For 4 weeks before playground marking and 4 weeks with playground painting (using safe and dry playgrounds) the study was conducted on the same day for both schools . HR was recorded during the respective times. The sum of HRR50, HRR60 and HRR75 showed the total time in MVPA that were calculated for each participant. This investigation is a great opportunity to showcase the importance of children stimulation through a fun, school-based play time. Although the study was on a smaller scale, it can lead to further studies for less developed communities and disadvantaged schools without the benefit of resources.


Limitations included that of the limited sample size of only 47 children from two schools. This shows that further investigations and monitoring of a larger sample size and schools of different backgrounds and socioeconomic class of the suburb or school can and should be investigated to see how a stimulated play area, allows children to increase their activity levels during the school day. Considerations of individual child sports outside of school and sports offered at the school.

Another aspect that the authors address, is that of the Hawthorne Effect, also referred to as the observer effect. It is a type of reactivity in which individuals modify an aspect their behaviour in response to their awareness to being observed[10]. This may have slightly altered the results but not significant enough to be the deciding factor.

What were the basic results?[edit]

Stratton found that before the intervention, children in the experimental school spent approximately 5% less time in MVPA that children in the control school. He found that vigorous physical activity almost doubled in the experimental group, compared to the control group. The mean HR of the experimental group increased by 7 bpm during the investigation compared to the little change within the control group, as shown in the table below.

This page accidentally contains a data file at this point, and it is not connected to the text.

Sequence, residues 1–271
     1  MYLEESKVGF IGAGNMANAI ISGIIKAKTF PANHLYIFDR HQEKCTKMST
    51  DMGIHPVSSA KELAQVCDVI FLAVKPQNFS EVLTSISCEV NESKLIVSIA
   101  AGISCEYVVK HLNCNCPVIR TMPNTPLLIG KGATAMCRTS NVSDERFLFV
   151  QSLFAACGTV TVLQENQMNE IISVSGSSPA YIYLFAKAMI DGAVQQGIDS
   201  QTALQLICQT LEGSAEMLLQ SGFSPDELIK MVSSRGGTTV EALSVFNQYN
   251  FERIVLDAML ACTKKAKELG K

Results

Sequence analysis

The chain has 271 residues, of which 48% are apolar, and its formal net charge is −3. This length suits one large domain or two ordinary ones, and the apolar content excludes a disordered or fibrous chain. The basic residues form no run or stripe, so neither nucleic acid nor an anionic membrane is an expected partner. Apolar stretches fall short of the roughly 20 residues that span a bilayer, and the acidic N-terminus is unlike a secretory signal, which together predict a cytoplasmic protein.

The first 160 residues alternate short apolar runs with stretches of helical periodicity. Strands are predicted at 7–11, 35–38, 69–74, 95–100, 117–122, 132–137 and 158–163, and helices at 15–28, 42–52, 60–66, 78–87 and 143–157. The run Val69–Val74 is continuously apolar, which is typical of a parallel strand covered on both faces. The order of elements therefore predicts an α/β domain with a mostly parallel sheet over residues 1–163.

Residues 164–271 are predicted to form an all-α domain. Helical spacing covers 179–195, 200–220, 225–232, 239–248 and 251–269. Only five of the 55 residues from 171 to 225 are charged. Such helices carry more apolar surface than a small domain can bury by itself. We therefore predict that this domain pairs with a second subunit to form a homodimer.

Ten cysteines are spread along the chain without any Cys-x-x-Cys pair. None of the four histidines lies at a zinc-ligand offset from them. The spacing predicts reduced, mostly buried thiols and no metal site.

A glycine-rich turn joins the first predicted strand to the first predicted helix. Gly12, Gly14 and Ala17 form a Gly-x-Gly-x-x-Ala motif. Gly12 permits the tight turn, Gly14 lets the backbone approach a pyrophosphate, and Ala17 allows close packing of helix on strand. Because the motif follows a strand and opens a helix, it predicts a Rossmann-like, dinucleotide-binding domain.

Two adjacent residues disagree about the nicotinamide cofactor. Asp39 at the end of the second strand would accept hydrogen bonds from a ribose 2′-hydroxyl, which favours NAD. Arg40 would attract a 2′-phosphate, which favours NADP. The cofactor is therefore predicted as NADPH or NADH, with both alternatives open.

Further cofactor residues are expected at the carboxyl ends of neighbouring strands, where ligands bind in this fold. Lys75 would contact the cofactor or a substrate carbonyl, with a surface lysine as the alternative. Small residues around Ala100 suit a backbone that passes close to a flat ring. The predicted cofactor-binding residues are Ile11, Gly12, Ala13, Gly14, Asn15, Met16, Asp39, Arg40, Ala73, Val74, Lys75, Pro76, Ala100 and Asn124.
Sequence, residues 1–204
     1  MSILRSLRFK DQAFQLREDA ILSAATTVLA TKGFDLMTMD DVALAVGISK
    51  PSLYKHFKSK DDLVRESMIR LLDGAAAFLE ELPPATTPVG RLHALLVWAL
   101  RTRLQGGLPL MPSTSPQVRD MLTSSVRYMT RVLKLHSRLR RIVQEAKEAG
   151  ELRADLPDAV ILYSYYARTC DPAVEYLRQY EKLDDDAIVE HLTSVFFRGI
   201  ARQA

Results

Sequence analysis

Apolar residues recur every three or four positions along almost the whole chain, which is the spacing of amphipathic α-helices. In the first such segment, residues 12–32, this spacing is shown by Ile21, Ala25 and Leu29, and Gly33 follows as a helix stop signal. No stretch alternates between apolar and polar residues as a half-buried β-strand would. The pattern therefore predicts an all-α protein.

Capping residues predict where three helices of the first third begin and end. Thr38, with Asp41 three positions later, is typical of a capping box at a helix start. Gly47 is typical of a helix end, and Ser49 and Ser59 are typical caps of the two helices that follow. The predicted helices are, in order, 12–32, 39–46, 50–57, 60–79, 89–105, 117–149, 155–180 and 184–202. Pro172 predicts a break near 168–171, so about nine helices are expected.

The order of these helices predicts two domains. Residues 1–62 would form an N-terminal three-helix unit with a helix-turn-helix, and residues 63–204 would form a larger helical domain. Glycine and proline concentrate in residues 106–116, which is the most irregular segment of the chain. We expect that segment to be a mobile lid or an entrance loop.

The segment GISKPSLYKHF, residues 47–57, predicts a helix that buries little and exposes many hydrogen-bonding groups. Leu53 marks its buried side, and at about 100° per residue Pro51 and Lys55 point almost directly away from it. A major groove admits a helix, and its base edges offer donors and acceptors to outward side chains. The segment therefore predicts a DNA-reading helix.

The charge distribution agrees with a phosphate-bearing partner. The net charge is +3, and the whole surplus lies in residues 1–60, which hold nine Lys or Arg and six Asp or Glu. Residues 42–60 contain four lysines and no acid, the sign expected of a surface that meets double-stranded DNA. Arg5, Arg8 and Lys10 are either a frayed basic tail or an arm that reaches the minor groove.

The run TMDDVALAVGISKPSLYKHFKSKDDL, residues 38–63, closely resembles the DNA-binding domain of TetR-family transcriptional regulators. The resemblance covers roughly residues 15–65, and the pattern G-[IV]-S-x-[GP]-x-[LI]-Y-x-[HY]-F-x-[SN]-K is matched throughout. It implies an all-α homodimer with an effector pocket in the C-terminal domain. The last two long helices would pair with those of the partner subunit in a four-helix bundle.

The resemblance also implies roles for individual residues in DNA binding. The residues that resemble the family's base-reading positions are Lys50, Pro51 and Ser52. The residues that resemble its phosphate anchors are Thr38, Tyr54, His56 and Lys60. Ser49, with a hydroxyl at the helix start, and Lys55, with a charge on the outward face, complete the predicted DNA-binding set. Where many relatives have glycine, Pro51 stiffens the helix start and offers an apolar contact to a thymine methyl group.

Experimental group (n=27) Experimental group (n=27) Control Group (n=20) Control Group (n=20)
Before Intervention After Intervention Before Intervention After Intervention
Mean HR (bpm) 126.1 132.8 128.9 129.4
MVPA (HRR50) % playtime 35.1 46.2 40.5 39.1
VPA (HRR75) % playtime 5.3 10.0 7.0 6.8
Playtime Duration (min) 25.3 32.0 23.4 29.8

How did the researchers interpret the results?[edit]

Stratton shows significant interaction of all three variables and suggests that in schools where physical activity levels may be low, playground markings can have a positive influence. The author concludes that there were no main differences between groups and suggests that factors other than the playground markings stimulated physical activity in the control school. Furthermore, with the small sample size, further studies are suggested to be conducted to further the conclusion that playground markings play asignificant difference in children physical activity within the school day.

What conclusions should be taken away from this research?[edit]

Results show that children in both the experimental and control groups increased the amount of time spent in MVPA by a mean of 6 minutes and 2 minutes respectively. Influenced by investigators such as Hovell et al (1978)[11] and Kraft (1989)[12], Stratton takes these findings into consideration and suggests that further studies need to be taken to help improve physical activity within schools and promote health within children. We cannot conclude that playground markings are the most appropriate and best solution to increasing physical activity, but with these findings, we can see that more studies should be done using playground markings as children are drawn to this idea.